This quarterly report on Form 10-Q contains forward-looking statements. In some cases, you can identify forward-looking statements by terminology such as “may,” “will,” “should,” “expects,” “intends,” “plans,” “anticipates,” “believes,” “estimates,” “predicts,” “potential,” or the negative of these terms or other comparable terminology. These statements are only predictions. Actual events or results may differ materially. Such forward-looking statements relate to future events or future financial performance and involve known and unknown risks, uncertainties and other factors that may cause our Company’s actual results, levels of activity, performance or achievements to be materially different from any future results, levels of activity, performance or achievements expressed or implied by the forward-looking statements, including risks and uncertainties associated with the healthcare industry in Asia and the United States, general economic conditions in Asia, and such other risks and uncertainties described in “Risk Factors” in our annual report on Form 10-K for the fiscal year ended August 31, 2010. Although we believe that the expectations reflected in the forward-looking statements are reasonable, we cannot guarantee future results, levels of activity, performance, or achievements. You must read the following discussion of the results of our business and our operations and financial condition in conjunction with our reviewed consolidated financial statements, including the notes, included in this quarterly report on Form 10-Q and our audited consolidated financial statements, including the notes, included in our Annual Report on Form 10-K for the fiscal year ended August 31, 2010.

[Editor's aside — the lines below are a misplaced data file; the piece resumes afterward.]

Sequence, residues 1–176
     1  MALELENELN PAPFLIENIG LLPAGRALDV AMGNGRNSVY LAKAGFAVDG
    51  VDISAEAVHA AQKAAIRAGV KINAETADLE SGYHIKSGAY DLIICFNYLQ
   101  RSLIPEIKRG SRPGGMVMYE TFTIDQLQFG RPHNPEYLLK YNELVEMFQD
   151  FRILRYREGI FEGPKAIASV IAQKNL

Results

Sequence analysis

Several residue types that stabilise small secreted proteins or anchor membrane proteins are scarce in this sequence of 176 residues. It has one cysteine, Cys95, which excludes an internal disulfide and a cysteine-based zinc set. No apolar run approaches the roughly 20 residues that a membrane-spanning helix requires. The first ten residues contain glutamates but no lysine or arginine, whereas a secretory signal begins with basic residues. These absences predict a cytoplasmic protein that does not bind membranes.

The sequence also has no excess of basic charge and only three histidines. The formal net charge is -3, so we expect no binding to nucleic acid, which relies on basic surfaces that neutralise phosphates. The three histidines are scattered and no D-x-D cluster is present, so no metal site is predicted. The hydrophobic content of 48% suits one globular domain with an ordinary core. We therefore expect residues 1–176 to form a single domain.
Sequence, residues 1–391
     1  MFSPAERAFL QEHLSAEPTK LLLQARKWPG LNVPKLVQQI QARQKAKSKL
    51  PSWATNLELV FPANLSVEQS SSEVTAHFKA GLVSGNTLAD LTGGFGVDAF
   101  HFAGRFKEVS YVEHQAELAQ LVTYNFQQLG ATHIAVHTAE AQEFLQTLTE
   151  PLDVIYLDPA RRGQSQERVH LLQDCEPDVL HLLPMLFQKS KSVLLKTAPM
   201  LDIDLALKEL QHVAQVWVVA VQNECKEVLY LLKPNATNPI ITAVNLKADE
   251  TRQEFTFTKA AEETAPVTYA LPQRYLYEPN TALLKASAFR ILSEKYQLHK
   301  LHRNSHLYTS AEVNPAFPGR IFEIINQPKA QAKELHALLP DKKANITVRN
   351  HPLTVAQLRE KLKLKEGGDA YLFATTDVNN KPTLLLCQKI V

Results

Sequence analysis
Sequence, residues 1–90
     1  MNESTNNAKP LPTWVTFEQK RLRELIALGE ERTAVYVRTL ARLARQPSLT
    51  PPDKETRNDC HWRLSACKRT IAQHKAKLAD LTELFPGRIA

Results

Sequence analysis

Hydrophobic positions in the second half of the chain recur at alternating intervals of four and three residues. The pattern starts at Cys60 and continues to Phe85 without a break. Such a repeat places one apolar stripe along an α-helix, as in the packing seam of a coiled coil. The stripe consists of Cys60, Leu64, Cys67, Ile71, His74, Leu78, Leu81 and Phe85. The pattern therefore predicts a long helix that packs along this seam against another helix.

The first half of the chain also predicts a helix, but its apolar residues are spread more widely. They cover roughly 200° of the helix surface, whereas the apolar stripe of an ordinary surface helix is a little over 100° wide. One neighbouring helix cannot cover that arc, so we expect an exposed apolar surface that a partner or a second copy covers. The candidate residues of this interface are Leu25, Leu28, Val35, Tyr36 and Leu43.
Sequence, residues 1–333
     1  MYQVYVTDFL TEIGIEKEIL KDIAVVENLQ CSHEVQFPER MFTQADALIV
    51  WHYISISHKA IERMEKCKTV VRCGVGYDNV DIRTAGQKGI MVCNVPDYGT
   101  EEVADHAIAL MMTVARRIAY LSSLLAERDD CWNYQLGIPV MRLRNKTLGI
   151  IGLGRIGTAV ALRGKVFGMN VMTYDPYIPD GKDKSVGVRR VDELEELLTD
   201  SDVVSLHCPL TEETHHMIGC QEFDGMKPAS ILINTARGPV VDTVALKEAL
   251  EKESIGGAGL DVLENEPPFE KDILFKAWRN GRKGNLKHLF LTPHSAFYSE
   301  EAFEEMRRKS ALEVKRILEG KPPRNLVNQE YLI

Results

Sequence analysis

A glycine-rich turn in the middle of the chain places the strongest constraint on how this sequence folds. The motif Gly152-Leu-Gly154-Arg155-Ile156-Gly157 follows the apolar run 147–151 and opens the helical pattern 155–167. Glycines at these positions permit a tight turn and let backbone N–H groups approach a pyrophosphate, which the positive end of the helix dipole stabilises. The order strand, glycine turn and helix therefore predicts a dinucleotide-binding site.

Update on Critical Accounting Policies and Estimates

There have been no changes to the critical accounting policies used in our reporting of results of operations and financial position for the quarter ended May 31, 2011. For a discussion of our critical accounting policies see Management’s Discussion and Analysis of Financial Condition and Results of Operations in our Form 10-K for the fiscal year ended August 31, 2010.

Subsequent Event